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Figure 3. The changes in the CSF before and after supplementation of the BCA. (a) The concentration of cGP in the CSF was significantly increased after the supplementation compared to that prior to the supplementation. The percentage changes of cGP concentrations were significantly increased in the CSF. (b) There 6/7 paired samples showed an increase in cGP after supplementation, with one pair of samples increased by 16.9 times. cGP concentration of 1 pair of samples remained the same after the supplementation. (c) There was no statistical difference in IGF-1 concentration and percentage change of IGF-1 in the CSF. (d) There was no statistical difference in the cGP/IGF-1 ratio and percentage change of the ratio. Data presented as mean ± SEM and the percentage change from the baseline, * p < 0.05, ** p < 0.01.
Figure 3. The changes in the CSF before and after supplementation of the BCA. (a) The concentration of cGP in the CSF was significantly increased after the supplementation compared to that prior to the supplementation. The percentage changes of cGP concentrations were significantly increased in the CSF. (b) There 6/7 paired samples showed an increase in cGP after supplementation, with one pair of samples increased by 16.9 times. cGP concentration of 1 pair of samples remained the same after the supplementation. (c) There was no statistical difference in IGF-1 concentration and percentage change of IGF-1 in the CSF. (d) There was no statistical difference in the cGP/IGF-1 ratio and percentage change of the ratio. Data presented as mean ± SEM and the percentage change from the baseline, * p < 0.05, ** p < 0.01.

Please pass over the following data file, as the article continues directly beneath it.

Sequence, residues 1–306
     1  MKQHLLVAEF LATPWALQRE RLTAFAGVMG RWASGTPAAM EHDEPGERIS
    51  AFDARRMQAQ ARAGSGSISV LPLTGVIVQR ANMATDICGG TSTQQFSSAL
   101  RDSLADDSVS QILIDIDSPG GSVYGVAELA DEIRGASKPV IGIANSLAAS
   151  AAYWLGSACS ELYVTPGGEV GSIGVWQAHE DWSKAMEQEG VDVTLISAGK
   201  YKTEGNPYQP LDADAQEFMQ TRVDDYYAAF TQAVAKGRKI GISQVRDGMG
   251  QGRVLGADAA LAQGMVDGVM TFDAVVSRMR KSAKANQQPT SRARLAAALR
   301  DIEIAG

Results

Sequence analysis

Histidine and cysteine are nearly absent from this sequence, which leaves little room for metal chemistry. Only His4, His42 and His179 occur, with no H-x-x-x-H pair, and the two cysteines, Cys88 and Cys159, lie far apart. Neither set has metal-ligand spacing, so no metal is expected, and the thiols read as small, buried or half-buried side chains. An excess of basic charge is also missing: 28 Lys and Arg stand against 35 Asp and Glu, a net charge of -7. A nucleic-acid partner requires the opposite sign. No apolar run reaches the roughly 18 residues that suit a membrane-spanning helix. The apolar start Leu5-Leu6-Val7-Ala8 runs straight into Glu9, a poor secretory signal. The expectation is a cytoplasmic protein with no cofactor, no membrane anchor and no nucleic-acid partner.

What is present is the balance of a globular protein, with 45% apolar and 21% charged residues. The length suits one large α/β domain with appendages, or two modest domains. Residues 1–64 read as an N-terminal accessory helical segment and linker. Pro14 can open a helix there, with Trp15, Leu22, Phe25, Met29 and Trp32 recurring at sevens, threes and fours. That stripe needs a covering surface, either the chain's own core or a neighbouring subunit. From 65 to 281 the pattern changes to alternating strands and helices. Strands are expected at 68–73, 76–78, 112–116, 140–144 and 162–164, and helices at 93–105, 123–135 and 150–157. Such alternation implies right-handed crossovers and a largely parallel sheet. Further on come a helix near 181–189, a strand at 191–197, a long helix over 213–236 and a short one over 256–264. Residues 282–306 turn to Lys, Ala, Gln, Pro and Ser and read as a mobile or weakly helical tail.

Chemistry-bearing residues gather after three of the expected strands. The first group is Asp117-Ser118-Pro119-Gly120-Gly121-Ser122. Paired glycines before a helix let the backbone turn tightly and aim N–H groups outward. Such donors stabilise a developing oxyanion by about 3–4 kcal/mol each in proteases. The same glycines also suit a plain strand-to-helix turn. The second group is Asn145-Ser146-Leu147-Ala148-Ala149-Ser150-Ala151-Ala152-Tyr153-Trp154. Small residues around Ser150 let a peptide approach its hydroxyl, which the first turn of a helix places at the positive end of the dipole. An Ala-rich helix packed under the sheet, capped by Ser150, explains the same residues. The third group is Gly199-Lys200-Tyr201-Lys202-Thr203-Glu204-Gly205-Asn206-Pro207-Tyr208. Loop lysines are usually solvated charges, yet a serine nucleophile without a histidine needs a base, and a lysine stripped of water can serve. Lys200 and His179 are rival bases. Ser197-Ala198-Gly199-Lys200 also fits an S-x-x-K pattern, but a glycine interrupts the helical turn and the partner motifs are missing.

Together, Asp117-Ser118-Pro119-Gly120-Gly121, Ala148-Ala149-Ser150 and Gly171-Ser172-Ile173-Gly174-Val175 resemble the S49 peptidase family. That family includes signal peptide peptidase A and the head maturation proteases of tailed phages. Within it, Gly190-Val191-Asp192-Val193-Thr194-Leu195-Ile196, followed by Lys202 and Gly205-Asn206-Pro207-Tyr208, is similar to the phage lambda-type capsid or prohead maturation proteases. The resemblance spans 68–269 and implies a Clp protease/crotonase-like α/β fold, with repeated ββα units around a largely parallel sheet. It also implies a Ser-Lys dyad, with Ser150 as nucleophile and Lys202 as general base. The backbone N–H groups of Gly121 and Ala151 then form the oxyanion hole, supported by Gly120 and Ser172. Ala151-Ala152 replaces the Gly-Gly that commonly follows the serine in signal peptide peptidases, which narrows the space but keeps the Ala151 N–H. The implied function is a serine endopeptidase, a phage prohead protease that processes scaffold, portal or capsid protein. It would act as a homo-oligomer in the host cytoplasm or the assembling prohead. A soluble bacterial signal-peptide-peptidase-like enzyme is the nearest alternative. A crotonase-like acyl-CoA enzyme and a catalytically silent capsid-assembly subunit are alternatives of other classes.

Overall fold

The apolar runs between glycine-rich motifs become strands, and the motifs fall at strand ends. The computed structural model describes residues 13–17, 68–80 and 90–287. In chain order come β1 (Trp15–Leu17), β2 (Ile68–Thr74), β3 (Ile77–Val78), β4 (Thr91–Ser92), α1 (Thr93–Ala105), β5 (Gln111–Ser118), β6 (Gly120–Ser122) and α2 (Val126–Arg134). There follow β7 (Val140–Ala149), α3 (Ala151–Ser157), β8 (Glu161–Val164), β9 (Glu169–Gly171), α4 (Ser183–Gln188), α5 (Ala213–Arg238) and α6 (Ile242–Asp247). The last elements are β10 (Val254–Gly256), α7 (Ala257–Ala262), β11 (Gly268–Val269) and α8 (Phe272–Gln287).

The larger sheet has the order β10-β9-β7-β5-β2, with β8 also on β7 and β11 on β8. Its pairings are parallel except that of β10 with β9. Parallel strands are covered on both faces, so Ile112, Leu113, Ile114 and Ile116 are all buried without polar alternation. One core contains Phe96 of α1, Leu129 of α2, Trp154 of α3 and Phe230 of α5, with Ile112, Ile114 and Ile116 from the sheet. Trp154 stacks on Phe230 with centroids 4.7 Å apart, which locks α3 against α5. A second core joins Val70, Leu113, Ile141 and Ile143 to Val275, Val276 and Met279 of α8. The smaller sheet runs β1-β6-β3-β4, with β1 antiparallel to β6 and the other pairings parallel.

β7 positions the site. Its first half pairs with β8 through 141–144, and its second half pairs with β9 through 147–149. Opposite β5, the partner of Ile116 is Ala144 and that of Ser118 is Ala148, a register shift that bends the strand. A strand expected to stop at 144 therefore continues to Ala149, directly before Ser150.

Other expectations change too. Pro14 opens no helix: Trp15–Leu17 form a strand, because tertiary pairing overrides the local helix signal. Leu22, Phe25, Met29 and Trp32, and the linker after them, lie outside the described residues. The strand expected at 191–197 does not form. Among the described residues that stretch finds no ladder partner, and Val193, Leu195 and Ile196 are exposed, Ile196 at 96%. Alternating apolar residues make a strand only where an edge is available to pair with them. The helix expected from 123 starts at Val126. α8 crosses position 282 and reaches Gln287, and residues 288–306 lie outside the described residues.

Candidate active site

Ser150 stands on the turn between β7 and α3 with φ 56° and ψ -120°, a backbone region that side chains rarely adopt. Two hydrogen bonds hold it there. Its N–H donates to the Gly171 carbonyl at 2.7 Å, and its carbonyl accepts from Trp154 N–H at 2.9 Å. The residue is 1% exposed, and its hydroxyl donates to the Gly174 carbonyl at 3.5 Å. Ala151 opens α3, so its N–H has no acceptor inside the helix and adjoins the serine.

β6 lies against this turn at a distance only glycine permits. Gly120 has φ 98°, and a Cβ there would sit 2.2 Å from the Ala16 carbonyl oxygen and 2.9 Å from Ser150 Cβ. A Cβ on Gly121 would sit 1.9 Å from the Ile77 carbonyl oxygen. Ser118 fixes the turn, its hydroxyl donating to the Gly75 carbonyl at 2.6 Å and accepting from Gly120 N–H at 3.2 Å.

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Figure 4. Correlation between the concentrations of cGP in CSF and plasma. (a) There was a significant positive correlation between CSF and plasma cGP (R = 0.68, p < 0.01). (b) There was a significant positive correlation between CSF cGP and plasma cGP/IGF-1 (R = 0.66, p < 0.01).